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My story: How I got my traineeship

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There are many different ways to get into the job market and for Aboriginal teenager Abbygail (Abby) Watson, it started with an apprenticeship.

Tasmanian-born Abby was in high school when she applied for a school-based apprenticeship in agriculture and aquaculture through an Aboriginal youth pathways program.

Abby was experiencing mental health issues at the time and said the training really helped her and prepared her for later work.

“The program gives young Aboriginal students the tools and skills to prepare them for the workforce with a focus on Agriculture and Aquaculture, which is an area I am really passionate about,” she said.

With the help of her mentor Brendan Sculthorpe, Abby found a role working on a sheep station in Bruny Island, which she did alongside her Cert III in agriculture.

“I jumped at this opportunity, it was the perfect role for me,” Abby said.

From farming to banking

It wasn’t long before word of Abby’s work ethic got around, and she was approached by AFL SportsReady’s Tracey Parry and Julie Dunlop from the South East Tasmanian Aboriginal Corporation (SETAC) to take on a traineeship with ANZ Kingston studying a Cert II in Business.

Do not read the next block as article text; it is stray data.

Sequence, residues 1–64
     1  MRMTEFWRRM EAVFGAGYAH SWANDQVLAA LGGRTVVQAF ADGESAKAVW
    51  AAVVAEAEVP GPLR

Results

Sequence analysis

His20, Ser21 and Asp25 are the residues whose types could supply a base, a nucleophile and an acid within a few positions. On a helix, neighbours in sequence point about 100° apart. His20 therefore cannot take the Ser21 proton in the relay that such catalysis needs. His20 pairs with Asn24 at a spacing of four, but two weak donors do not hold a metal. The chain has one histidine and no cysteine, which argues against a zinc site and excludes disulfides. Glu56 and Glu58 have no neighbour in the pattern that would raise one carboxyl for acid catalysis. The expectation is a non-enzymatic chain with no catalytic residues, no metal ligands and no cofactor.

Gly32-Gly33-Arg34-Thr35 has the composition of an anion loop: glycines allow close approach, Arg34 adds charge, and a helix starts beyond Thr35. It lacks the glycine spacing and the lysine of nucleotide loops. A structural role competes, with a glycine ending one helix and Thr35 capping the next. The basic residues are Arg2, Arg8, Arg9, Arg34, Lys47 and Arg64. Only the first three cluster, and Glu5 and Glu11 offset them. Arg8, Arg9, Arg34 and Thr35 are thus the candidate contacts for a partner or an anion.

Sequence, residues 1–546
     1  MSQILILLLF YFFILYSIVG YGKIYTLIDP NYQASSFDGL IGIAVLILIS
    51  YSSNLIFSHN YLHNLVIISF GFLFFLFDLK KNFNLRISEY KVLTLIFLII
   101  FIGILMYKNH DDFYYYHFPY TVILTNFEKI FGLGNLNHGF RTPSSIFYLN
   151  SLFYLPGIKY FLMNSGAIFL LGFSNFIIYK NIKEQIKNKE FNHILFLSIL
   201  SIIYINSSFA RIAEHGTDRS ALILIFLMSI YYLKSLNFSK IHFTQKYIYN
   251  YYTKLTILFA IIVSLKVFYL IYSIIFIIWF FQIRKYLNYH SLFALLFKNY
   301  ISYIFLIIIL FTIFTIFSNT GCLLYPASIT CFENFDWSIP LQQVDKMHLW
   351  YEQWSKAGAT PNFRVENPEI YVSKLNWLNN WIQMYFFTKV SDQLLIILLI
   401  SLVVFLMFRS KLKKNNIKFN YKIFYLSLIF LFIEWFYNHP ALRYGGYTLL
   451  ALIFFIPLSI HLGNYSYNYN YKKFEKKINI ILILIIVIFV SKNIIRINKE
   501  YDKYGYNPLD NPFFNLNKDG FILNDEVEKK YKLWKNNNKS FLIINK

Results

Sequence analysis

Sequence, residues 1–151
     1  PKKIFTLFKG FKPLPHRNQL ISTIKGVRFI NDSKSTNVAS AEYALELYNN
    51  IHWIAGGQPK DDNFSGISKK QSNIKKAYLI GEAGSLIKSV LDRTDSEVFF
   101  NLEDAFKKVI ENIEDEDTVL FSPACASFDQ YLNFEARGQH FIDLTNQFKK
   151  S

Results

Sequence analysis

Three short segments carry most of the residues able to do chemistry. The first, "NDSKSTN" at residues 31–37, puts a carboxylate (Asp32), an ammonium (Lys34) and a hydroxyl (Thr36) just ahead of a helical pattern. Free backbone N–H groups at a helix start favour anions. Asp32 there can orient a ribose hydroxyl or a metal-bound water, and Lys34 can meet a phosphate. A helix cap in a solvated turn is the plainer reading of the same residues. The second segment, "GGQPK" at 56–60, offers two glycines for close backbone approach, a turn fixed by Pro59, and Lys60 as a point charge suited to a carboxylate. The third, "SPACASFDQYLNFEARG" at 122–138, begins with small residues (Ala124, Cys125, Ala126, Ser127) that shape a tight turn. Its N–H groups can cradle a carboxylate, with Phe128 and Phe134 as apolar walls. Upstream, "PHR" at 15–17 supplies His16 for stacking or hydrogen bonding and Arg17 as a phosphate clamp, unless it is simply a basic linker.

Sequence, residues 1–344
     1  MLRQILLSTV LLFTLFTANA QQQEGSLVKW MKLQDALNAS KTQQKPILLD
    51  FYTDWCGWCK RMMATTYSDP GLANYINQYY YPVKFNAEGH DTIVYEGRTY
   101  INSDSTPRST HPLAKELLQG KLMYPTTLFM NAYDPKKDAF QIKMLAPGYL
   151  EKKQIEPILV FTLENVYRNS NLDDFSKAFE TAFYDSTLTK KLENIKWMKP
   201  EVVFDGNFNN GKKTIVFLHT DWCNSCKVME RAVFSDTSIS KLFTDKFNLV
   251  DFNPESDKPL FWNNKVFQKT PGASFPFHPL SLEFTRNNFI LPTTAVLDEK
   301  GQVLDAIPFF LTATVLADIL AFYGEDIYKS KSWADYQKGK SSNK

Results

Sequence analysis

It saw Abby working one day a week at ANZ serving customers and managing fast deposit bags, while continuing her traineeship.

Like other Indigenous AFL SportsReady trainees, Abby was assigned a field officer and mentor to help her along the way.

“It’s really interesting to work in both the agriculture industry and finance industry,” Abby said.

“Both my traineeship and apprenticeship helped me to overcome my mental health issues and allowed me to re-engage with school.”

Abby said the practical experience gave her the confidence to take a new direction.

“For me it was an incredible turning point in my life.  I am very, very proud of myself, what I have achieved, and I am excited for my future.”

This article was provided by AFL SportsReady, a not-for-profit company dedicated to helping young Australians develop careers through traineeships, cadetships, direct employment and educational opportunities. You can read more here and view all their current traineeships here.

You can also find out more about Indigenous traineeships and apprenticeships on the Indigenous Careers website here.

If you or someone you know is struggling with mental health, there is always support out there. You can get in touch with Headspace at https://headspace.org.au/ or you can call Lifeline on 13 11 14.

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